Tecla has arrived. 

The noises on Tecla have changed. The rush of wind has been replaced by the gentle sloshing of harbour water against the hull. The fizz of sea foam has made way for the creak of mooring lines straining against the dockside. We’re reminded of the call of fulmars and the occasional gannet by the far-off sirens of the Guardia Civil hurrying along to another man-made emergency.

Just after 7pm on Friday November 17th we stole past the rusty oil rigs into Santa Cruz harbour, guided in by spotted dolphins. As far as entrances go, not a bad one. Captain Jet laid Tecla alongside, making the manoeuvring of a 28-meter steel hull look like a piece of cake; the port attendants in their high-vis jackets had to be reminded to make fast the lines as they stood and watched, their tasks forgotten, mouths open. The engine turned off – they gave her a nod of respect and one of us whispered under their breath, ‘badass’. 

A well-deserved beer on deck – looking out over the tall ships Thalassa, Eye of the Wind and Thor Heyerdahl (and later joined by the very elegant Wylde Swan)- and one last meal and sleep onboard marked the end of our trip and the beginning of a period of maintenance for the crew, sanding cabin tops and touching up spots of rust here and there. Tecla more than deserves these acts of service; she carried us with grace and plenty of pizzazz for more than 2000 nautical miles, from Ullapool to Tenerife.

The voyage crew have scattered, off to mountainside cabins on Tenerife and airports to catch a flight home.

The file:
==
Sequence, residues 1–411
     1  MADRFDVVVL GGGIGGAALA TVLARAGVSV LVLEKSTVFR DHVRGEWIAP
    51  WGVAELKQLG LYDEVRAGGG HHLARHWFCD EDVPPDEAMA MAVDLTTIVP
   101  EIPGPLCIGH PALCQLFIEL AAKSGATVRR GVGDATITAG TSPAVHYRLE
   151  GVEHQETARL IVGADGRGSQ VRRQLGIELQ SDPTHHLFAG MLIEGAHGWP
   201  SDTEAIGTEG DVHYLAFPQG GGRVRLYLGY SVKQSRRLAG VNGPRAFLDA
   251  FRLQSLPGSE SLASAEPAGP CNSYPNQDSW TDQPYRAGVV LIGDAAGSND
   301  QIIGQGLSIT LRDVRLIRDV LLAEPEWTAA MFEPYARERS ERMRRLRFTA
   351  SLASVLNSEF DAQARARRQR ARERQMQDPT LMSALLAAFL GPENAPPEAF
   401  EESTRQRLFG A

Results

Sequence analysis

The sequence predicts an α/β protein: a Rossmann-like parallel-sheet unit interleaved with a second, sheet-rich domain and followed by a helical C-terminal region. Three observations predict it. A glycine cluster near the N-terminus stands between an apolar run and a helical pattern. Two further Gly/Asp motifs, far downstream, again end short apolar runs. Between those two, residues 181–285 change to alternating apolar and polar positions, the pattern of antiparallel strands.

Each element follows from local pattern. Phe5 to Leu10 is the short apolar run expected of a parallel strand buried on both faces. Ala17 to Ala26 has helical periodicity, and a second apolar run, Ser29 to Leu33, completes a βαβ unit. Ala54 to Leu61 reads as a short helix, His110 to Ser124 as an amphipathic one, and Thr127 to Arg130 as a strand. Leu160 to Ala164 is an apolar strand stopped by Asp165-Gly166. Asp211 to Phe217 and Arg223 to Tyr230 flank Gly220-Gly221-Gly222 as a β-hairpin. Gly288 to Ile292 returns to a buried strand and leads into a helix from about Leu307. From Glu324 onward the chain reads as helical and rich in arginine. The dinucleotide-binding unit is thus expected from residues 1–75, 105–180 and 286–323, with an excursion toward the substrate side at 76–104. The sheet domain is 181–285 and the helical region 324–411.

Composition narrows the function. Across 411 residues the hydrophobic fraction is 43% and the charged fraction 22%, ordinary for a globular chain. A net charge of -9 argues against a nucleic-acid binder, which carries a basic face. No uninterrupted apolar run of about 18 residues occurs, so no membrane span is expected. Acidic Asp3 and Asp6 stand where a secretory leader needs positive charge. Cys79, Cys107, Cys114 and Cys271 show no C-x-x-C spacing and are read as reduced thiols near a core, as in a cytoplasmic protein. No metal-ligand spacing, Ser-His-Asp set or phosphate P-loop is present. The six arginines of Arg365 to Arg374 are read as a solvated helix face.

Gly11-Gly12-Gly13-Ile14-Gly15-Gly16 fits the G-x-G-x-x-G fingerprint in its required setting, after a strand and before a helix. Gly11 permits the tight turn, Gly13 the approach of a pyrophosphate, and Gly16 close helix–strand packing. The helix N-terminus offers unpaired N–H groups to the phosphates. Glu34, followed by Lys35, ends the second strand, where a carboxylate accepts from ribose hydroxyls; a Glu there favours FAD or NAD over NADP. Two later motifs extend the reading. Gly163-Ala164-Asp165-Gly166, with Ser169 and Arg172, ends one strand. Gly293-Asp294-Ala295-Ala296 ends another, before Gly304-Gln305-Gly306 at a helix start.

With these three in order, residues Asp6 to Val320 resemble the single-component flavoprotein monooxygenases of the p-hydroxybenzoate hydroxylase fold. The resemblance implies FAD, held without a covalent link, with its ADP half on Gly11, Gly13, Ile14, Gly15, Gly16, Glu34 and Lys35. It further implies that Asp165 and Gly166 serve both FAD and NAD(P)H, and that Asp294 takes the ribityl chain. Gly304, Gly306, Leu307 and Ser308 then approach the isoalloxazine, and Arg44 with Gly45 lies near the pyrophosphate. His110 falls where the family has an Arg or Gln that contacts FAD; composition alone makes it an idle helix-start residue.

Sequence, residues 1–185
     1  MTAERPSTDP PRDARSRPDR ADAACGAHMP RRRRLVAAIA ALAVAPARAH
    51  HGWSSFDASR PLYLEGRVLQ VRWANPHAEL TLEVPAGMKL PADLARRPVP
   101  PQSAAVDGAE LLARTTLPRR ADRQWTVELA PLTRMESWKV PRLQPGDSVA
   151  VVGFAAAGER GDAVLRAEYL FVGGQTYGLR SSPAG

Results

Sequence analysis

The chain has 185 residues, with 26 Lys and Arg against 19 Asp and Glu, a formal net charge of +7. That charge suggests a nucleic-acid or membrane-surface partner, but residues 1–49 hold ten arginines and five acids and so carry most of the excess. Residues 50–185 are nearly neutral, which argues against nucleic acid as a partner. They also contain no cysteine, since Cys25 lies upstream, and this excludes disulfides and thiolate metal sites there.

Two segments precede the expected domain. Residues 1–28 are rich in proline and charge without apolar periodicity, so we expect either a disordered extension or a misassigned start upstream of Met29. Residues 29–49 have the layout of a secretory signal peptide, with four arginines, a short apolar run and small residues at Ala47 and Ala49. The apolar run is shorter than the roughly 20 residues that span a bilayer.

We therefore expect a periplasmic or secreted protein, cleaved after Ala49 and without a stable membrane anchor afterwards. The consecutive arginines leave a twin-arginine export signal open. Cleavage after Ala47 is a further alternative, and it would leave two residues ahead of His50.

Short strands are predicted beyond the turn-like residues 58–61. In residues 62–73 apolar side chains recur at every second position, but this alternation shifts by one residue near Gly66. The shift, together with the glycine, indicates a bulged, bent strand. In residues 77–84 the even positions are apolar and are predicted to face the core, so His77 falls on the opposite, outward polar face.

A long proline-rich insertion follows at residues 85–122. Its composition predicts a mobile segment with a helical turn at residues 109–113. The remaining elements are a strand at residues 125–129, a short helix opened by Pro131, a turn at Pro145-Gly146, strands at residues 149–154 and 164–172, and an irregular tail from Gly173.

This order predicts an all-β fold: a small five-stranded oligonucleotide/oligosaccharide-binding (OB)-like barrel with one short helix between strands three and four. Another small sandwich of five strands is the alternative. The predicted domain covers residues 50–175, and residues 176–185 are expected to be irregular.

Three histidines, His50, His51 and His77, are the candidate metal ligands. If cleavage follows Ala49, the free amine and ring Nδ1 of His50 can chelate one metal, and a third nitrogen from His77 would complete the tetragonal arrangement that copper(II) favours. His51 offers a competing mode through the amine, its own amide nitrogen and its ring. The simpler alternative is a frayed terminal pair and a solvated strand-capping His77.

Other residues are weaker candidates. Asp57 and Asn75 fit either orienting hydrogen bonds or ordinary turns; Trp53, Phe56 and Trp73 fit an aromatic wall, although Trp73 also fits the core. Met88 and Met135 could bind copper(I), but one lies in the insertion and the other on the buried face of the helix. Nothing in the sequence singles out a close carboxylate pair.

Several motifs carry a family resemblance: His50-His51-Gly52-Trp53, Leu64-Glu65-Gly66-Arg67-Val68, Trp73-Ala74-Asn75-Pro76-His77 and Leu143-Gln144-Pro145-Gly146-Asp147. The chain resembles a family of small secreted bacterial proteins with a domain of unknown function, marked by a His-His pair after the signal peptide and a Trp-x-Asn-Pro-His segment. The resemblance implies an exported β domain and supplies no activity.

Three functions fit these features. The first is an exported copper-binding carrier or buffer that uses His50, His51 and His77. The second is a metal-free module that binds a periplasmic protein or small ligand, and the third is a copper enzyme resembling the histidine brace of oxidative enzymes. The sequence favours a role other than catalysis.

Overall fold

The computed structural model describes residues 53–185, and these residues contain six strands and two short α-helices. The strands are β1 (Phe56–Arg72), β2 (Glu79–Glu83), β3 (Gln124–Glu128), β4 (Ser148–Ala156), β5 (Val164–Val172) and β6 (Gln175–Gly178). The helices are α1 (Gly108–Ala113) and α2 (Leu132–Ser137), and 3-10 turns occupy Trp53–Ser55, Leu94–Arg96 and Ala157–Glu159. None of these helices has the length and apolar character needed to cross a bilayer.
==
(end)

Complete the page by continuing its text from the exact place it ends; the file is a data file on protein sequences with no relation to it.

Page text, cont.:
It may take a little bit of time for us to process the last two weeks. 

As for this first-time offshore sailor: I left Ullapool with a question. Why do people go to sea? And, specifically, why do people go out so very far, out into the great wide open? 

I was chilly and wet, somewhere between a gale and the Portugese coast, when I came across the following quote in a sailing magazine I found in the Tecla library: ‘Who’d go to sea for pleasure would go to hell for a pastime’. 

True, you have to be a little fond of howling winds, and big rolling swell, and slightly damp socks to make the sea your home, even for a short while. 

But there’s also the flip side. 

My fellow voyage crew got used to me sidling up to them during watches and peppering them with questions. When did you start sailing? How did you learn? Where have you been on your travels?

But the answer to my original question came in the form of one word. Karen kept Tecla on course while I did my very best to distract her one sunny afternoon. 

‘What draws you to sailing?’

No hesitation from her. 



Tecla humming along at 7.6 knots.
Fresh salt spray. Chop of waves.
Steel blue sea, steel blue skies.
Sun dipped just below the topsail and mainsail, wrapping us all in a cocoon of tan shadow. Triangles of light swinging back and forth over the deck. Karsten whistling a Simon & Garfunkel tune; at first old school, then giving us a modern rendition. Dolphins playing at the bow. We were almost in Tenerife, but luckily for us – not for a little while longer.

All was very, very well,


One Response to “Tecla has arrived. 

  • John Osborne
    8 months ago

    Cracking trip from Ullapool…. Yes some wild days but what d’ya expect mid Nov !? V exciting to see sun creep higher everyday and days get longer. Would I recommend it … 100% !
    Definitely in top 10 of best things I’ve done !
    Thanks Jet and team for the experience

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